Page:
In 1989, Congressman James Traficant tried to amend 18 U.S.C. § 794 to broaden the application of the death penalty.[19] Senator Arlen Specter proposed a comparable expansion of the use of the death penalty the same year.[20] In 1994, Robert K. Dornan proposed the death penalty for the disclosure of a U.S. agent's identity.[21]

History[edit]

World War I[edit]

Much of the Act's enforcement was left to the discretion of local United States Attorneys, so enforcement varied widely. For example, Socialist Kate Richards O'Hare gave the same speech in several states, but was convicted and sentenced to a prison term of five years for delivering her speech in North Dakota. Most enforcement activity occurred in the Western states where the Industrial Workers of the World was active.[22] Finally Gregory, a few weeks before the end of the war, instructed the U.S. Attorneys not to act without his approval.

A year after the Act's passage, Eugene V. Debs, Socialist Party presidential candidate in 1904, 1908, and 1912 was arrested and sentenced to 10 years in prison for making a speech that "obstructed recruiting". He ran for president again in 1920 from prison. President Warren G. Harding commuted his sentence in December 1921 when he had served nearly five years.[23]

In United States v. Motion Picture Film (1917), a federal court upheld the government's seizure of a film called The Spirit of '76 on the grounds that its depiction of cruelty on the part of British soldiers during the American Revolution would undermine support for America's wartime ally. The producer, Robert Goldstein, a Jew of German origins, was prosecuted under Title XI of the Act, and received a ten-year sentence plus a fine of $5000. The sentence was commuted on appeal to three years.[24]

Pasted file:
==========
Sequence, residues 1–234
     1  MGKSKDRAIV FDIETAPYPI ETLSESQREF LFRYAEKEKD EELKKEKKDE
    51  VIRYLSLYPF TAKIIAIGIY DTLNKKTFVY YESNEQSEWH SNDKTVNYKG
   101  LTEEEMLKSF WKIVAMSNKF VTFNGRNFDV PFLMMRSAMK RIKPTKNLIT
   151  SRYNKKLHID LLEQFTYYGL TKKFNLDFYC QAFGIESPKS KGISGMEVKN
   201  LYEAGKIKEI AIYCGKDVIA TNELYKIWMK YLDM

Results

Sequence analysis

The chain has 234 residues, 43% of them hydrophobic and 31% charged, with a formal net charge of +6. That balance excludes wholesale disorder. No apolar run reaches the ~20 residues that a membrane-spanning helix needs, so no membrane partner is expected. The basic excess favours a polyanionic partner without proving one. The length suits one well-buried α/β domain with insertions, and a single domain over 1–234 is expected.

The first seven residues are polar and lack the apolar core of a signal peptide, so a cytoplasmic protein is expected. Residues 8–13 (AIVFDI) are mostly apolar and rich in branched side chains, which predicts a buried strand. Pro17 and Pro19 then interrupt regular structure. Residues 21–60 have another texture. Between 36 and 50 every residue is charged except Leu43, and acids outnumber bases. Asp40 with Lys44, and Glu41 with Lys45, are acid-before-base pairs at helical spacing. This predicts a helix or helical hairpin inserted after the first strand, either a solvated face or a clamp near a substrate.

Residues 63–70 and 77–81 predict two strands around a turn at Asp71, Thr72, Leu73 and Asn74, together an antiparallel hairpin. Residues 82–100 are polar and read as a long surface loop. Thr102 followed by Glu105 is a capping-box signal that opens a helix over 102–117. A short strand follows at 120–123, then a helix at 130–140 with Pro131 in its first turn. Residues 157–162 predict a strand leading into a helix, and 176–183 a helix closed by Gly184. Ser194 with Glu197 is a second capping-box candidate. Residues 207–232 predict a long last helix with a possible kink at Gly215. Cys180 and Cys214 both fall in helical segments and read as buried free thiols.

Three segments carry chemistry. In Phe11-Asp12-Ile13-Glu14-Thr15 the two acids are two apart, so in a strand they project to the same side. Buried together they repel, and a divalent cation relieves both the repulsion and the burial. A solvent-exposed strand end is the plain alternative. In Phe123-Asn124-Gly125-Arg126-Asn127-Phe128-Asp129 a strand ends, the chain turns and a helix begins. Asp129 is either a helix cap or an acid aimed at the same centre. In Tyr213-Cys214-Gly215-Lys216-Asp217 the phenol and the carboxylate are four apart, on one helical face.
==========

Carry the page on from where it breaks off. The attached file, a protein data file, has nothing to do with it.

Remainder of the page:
Postmaster General Albert S. Burleson and those in his department played critical roles in the enforcement of the Act. He held his position because he was a Democratic party loyalist and close to both the President and the Attorney General. At a time when the Department of Justice numbered its investigators in the dozens, the Post Office had a nationwide network in place. The day after the Act became law, Burleson sent a secret memo to all postmasters ordering them to keep "close watch on ... matter which is calculated to interfere with the success of ... the government in conducting the war".[25] Postmasters in Savannah, Georgia, and Tampa, Florida, refused to mail the Jeffersonian, the mouthpiece of Tom Watson, a southern populist, an opponent of the draft, the war, and minority groups. When Watson sought an injunction against the postmaster, the federal judge who heard the case called his publication "poison" and denied his request. Government censors objected to the headline "Civil Liberty Dead".[26] In New York City, the postmaster refused to mail The Masses, a socialist monthly, citing the publication's "general tenor". The Masses was more successful in the courts, where Judge Learned Hand found the Act was applied so vaguely as to threaten "the tradition of English-speaking freedom". The editors were then prosecuted for obstructing the draft and the publication folded when denied access to the mails again.[27] Eventually, Burleson's energetic enforcement overreached when he targeted supporters of the administration. The President warned him to exercise "the utmost caution" and the dispute proved the end of their political friendship.[28]